Gender difference and stressful relationships
276 couples who had been married for an average of 20 years were asked to fill out questionnaires on the high and low points of married life. The couples were also assessed on how depressed they appeared to be, based on their own self-reporting. Doctors then carried out a battery of tests to assess whether or not the volunteers were showing signs of metabolic syndrome - a collection of symptoms pointing to a raised risk of serious disease, such as heart problems.
Metabolic Syndrome includes: high blood pressure; bulging waistline; high blood sugar; high triglyceride levels; low levels of "good" cholesterol
Based on the questionnaire and medical examinations, the psychologists found that women in strained marriages were more likely to be depressed and to have a greater number of symptoms of metabolic syndrome. While the researchers expected both genders to show signs of mental and physical problems associated with a stressful marriage, men did not show any physiological signs of strain.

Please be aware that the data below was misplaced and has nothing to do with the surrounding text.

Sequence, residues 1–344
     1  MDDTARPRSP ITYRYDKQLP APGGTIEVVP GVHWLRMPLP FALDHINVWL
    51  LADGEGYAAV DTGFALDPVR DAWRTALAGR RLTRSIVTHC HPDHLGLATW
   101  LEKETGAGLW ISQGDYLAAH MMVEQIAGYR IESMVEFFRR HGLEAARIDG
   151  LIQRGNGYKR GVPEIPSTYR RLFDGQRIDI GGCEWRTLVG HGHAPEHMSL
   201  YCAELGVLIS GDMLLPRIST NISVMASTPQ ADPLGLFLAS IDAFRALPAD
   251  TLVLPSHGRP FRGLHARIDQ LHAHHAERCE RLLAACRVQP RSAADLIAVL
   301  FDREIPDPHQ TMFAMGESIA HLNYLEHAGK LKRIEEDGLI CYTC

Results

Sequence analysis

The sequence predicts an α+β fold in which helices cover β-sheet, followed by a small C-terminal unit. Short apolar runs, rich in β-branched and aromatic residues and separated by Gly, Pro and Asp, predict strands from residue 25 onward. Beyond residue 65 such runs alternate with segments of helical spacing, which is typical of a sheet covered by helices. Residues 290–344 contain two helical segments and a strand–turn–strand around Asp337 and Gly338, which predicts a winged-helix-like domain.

According to the researchers, this has important implications due to the link between stress and heart disease in both genders: "The gender difference is important because heart disease is the number-one killer of women as well as men, and we are still learning a lot about how relationship factors and emotional distress are related to heart disease."
Professor Tim Smith, who co-led the research, has called for relationship and emotional factors to be included in health assessment:
"The immediate implication is that if you are interested in your cardiovascular risk - and we all should be because it is the leading killer for both genders - we should be concerned about not just traditional risk factors such as blood pressure and cholesterol but the quality of our emotional and family lives."